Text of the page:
Ailey presents diverse mixed bill at City Center

Robert Battle's No Longer Silent

New York City Center, New York.

December 9, 2015.

One expects to see a combination of physicality, grace and expressiveness when at a performance of the Alvin Ailey American Dance Theater. One would also hope to experience inspiring choreography and emotive music. This time around, at Ailey’s 2015 City Center Season in NYC, running December 2-January 3, Ailey delivered, for the most part.

The program on Wednesday, December 9, was highly anticipated, with Dutch choreographer Hans van Manen’s Polish Pieces; the world premiere of Kyle Abraham’s Untitled America: First Movement; the company premiere of No Longer Silent, choreographed by Ailey Artistic Director Robert Battle; and Rennie Harris’ Exodus, also a world premiere.

The company no doubt looked as strong, connected and passionate as ever, and although the program started with choreography that felt a little less inspiring, we left the gorgeous City Center theater with stunning images of the company and the stories it has to tell.

Polish Pieces

Ailey dancers Jacqueline Green and Yannick Lebrun in Hans van Manen’s ‘Polish Pieces’ at the Paris Theatre du Chatelet. Photo by Pierre Wachholder.

In van Manen’s Polish Pieces, the dancers were clad in bright-colored unitards (a costume perhaps only this company can pull off so well) with flesh-colored ballet slippers, and were driven by the music of contemporary composer Henryk Mikolaj Górecki. The piece is slightly Cunningham in style, with angular and geometric shapes and traveling patterns. It’s a strong ensemble work, in which the company proved they had been well-rehearsed. The dancers’ movements were often sharp, staccato, with a focus on their hands and arms – either waving in the air from right to left or pressed against their thighs. These motions continued throughout the piece, recurring in different stage patterns. Polish Pieces is certainly a very visual and abstract piece, but I almost wished it had gone a bit deeper.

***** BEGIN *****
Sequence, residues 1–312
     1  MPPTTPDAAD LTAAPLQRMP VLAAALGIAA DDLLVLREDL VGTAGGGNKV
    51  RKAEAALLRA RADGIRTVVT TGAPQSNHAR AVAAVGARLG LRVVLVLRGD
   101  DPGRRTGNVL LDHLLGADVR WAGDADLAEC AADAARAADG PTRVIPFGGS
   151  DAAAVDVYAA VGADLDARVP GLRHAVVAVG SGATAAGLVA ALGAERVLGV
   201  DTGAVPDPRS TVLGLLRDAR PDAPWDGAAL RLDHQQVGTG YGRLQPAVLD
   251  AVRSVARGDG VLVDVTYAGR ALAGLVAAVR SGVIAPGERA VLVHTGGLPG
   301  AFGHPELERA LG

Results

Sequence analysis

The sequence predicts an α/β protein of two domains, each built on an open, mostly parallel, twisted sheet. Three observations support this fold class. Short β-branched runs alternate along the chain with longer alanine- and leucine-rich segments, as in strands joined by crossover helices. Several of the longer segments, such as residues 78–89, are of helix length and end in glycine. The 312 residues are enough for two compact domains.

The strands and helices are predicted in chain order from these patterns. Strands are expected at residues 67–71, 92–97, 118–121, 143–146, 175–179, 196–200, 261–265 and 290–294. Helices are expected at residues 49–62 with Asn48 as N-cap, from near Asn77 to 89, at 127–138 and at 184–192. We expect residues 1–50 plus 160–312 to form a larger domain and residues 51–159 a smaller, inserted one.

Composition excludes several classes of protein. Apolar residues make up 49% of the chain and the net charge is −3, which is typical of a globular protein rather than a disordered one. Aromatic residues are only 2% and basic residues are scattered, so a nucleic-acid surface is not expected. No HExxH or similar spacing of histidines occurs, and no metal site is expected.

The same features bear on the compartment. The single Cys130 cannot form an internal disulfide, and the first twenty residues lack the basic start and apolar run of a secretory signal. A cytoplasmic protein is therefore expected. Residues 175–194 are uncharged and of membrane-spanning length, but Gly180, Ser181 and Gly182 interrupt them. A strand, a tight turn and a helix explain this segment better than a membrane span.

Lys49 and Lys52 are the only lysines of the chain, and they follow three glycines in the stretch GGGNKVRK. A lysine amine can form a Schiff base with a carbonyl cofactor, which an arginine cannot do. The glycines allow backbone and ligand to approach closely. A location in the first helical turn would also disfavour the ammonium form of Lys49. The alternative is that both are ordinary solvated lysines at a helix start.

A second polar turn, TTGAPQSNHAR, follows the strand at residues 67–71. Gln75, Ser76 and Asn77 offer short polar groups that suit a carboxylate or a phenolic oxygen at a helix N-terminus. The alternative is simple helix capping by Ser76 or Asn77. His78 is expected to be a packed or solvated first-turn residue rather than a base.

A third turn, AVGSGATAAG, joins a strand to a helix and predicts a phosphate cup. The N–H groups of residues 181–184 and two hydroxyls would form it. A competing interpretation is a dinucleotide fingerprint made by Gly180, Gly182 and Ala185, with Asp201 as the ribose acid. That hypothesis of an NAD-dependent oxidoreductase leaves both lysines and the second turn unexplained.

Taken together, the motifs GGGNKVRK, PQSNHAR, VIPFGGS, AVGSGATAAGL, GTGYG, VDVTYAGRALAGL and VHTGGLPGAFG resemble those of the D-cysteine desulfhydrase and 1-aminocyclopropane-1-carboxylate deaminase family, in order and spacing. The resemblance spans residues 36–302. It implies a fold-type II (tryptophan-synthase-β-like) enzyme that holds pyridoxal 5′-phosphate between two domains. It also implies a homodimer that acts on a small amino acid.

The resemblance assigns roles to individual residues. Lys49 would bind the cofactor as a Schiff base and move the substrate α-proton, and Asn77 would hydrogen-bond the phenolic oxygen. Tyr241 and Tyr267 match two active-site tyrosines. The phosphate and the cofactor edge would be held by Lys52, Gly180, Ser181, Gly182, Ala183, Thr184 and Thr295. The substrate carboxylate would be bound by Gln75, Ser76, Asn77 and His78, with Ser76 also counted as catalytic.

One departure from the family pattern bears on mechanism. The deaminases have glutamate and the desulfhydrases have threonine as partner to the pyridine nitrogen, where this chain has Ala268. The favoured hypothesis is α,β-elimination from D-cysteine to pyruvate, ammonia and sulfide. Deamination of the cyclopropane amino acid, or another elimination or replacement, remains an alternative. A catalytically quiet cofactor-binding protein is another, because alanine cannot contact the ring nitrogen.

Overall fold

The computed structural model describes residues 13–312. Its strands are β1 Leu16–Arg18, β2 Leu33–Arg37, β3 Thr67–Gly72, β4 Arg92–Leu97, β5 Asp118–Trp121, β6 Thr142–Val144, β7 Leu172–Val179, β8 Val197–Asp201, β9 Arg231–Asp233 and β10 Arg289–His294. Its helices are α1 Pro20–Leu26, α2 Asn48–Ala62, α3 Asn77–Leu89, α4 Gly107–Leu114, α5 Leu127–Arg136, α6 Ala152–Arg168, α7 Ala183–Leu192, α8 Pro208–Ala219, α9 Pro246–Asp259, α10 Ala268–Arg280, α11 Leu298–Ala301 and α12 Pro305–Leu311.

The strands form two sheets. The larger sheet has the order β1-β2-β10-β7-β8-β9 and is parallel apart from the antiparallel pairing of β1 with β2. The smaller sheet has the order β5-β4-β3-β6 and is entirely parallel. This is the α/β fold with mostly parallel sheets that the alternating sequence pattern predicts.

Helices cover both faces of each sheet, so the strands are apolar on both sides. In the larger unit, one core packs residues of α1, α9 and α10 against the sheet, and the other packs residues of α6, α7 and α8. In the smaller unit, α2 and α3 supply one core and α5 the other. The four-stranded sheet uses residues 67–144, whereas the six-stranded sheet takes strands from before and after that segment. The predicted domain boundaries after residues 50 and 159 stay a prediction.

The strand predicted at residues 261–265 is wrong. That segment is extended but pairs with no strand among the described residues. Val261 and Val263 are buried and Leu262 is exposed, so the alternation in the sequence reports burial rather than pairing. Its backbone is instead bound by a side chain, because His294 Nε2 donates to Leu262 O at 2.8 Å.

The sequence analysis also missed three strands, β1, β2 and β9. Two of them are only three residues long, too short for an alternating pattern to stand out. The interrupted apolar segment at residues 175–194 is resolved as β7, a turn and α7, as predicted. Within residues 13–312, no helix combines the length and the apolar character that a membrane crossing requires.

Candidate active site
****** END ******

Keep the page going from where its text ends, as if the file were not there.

The redeeming central duets, however, were danced beautifully by long-time Ailey members Linda Celeste Sims and Glenn Allen Sims, and then Akua Noni Parker and Jamar Roberts. The first duet exuded such sensuality, and the second showcased a lovely sense of balletic lyricism that was refreshing after the complex, abstract ensemble work, which becomes the “chorus line” for these central characters.

Abraham’s Untitled America: First Movement is the first of three sections that the choreographer will develop next year. This section, only lasting a few minutes, featured the trio Ghrai DeVore, Chalvar Monteiro and Jamar Roberts, dancing to a score of Laura Mvula’s “Father, Father.” Abraham, a 2013 recipient of the MacArthur “Genius” fellowship, certainly does have an original style – fusing elements of hip-hop, pop-and-locking, athleticism and lyrical contemporary dance. And the movement is suited well for the virtuosic Ailey dancers.

The dancers begin to tell a story – there is a father figure, and he, eventually followed by the remaining two characters, leaves, dispersing through a long white strip of light into the dark unknown.

Program notes relate that this piece is Abraham’s exploration of the impact of incarceration in the prison system on individuals and families across generations. In only a few minutes, the dancers do evoke such sorrow, darkness and grief, and we wonder where these characters have disappeared to, or how and if they’ll meet again.

Untitled America: First Movement

Ailey’s Jacqueline Green in Kyle Abraham’s ‘Untitled America: First Movement.’ Photo by Paul Kolnik.

It’s hard to judge this piece on only one very short section, but I hope that DeVore gets more opportunity to shine in the later sections.